In a previous blog, we covered three steps for preparing the hiring process for when the COVID lockdown eases and the ‘lights turn back on’. Now is the time to prepare the hiring engine by refreshing (or rewriting) job descriptions, revisiting sourcing strategies, and optimizing hiring processes. That way, when it’s time to re-staff, you’ll be ready.
But the world has shifted. Even if the engine is primed and ready to go, you are no longer driving on the same road.
Are you ready to hire within this new world?
Here are three shifts to consider when preparing to hire.
1. Shifted talent pool
With entire industries struggling or temporarily shut down and over 30 million people filed for unemployment, the talent pool has shifted. It has greatly swelled and it’s teeming with talent rich in transferable skills looking to shift out of suffering and contracting industries.
This presents both an opportunity and a challenge.
Talent from other industries or disciplines may not know the job titles or industries to look for when searching, especially if the titles are industry specific. Even if they find the right jobs, they could get lost in unfamiliar jargon and fail to recognize the fit.
To take full advantage of this pool and the amazing talent within it, your hiring process should be:
Populated with clear, jargon-free (or jargon-defined) job titles and descriptions so candidates can identify if they are a good fit for the job. And augmented with techniques such as alternative job titles and ‘similar-to jobs like…’ explanations.
Optimized to recognize transferable skills, knowledge, abilities, and experiences. For example, rather than relying on traditional patterns such as “spent the last five years doing [job]”, consider what value those five years would have given people and ask for that.
2. Remote-only hiring
For the foreseeable future, a remote workforce will be the only option for many organizations. And this trend won’t end with the end of the COVID crisis. Even as we settle into the post-COVID world, remote workforces will stay, and with it, the need for hiring remotely.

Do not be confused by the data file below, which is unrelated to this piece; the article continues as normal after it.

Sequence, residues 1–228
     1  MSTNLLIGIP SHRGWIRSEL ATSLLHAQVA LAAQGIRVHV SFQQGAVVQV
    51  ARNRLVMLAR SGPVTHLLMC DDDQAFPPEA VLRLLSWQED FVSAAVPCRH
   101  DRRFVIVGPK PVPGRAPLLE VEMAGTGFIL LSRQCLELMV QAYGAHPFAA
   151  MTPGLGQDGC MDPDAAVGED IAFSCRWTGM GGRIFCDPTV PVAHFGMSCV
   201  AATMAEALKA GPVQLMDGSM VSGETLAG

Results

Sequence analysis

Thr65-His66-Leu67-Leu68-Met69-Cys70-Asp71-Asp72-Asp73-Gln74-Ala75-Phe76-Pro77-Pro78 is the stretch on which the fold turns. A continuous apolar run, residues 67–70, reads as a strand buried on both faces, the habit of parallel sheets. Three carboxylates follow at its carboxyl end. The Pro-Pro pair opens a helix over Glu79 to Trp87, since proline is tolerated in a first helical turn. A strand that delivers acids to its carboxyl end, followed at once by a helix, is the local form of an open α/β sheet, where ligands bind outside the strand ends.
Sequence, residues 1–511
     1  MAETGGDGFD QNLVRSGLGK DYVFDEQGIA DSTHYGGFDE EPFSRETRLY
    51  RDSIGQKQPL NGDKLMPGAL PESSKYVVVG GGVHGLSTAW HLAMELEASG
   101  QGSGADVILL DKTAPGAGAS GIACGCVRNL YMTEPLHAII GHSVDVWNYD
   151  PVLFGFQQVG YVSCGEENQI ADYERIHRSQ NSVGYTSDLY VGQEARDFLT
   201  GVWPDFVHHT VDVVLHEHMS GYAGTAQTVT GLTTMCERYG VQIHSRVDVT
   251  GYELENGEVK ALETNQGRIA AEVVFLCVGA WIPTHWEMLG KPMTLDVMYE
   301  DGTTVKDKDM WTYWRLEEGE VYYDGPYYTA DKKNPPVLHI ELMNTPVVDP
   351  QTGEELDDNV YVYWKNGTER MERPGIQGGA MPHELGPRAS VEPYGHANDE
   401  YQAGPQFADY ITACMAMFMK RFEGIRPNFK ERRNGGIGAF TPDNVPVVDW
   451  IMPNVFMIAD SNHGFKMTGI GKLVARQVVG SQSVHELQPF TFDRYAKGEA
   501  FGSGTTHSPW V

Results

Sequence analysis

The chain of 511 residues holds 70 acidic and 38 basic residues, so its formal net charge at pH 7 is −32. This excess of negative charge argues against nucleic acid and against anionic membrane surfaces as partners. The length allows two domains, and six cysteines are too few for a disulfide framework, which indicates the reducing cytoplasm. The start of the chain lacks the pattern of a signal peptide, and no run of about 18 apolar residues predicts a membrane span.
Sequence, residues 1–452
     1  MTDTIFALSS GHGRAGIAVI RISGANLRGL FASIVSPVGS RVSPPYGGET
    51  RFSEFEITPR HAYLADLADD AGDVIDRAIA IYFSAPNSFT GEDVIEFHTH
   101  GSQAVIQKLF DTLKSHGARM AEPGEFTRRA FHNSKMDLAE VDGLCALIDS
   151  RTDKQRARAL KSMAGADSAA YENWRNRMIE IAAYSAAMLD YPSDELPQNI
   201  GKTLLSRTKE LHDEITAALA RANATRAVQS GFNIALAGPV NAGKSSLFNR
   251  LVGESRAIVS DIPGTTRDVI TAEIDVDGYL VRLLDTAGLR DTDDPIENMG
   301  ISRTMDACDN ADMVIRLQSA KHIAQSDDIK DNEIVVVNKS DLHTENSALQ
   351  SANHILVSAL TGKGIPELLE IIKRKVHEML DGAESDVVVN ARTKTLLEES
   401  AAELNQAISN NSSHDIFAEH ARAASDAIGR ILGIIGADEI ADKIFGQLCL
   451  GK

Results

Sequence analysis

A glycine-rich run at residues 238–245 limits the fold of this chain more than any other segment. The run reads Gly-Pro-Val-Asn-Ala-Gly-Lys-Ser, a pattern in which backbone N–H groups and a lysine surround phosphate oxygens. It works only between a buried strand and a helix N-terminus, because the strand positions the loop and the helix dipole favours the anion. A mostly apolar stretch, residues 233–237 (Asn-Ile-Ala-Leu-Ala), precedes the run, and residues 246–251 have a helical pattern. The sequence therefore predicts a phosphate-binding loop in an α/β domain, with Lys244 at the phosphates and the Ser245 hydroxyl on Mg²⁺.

A silver lining to this crisis is that organizations and individuals have jumped ahead in the ‘future of work’ trends for remote and blended (both onsite and remote) workforces. Benefits such as cost savings by not having to maintain large facilities, time savings by cutting out commutes, expanded talent pools unrestricted by location, environmental benefits, productivity benefits, etc. make remote workforces appealing. Knowing we must be ready for the next pandemic, or other crisis, makes remote workforces required.
To effectively support this new remote workforce, your hiring process should be:
Designed to support both fully remote and blended hiring. This includes applicant submission, screening, interviewing, negotiating, and hiring. Include clear explanations of the process for applicants so they know what to expect and put in place support to respond to applicant questions and requests.
Flexible to account for a full spectrum of qualified applicants. For example, take into account applicants in different time zones with different levels of technology, and those with disabilities such as the inability to hear, see, or type quickly.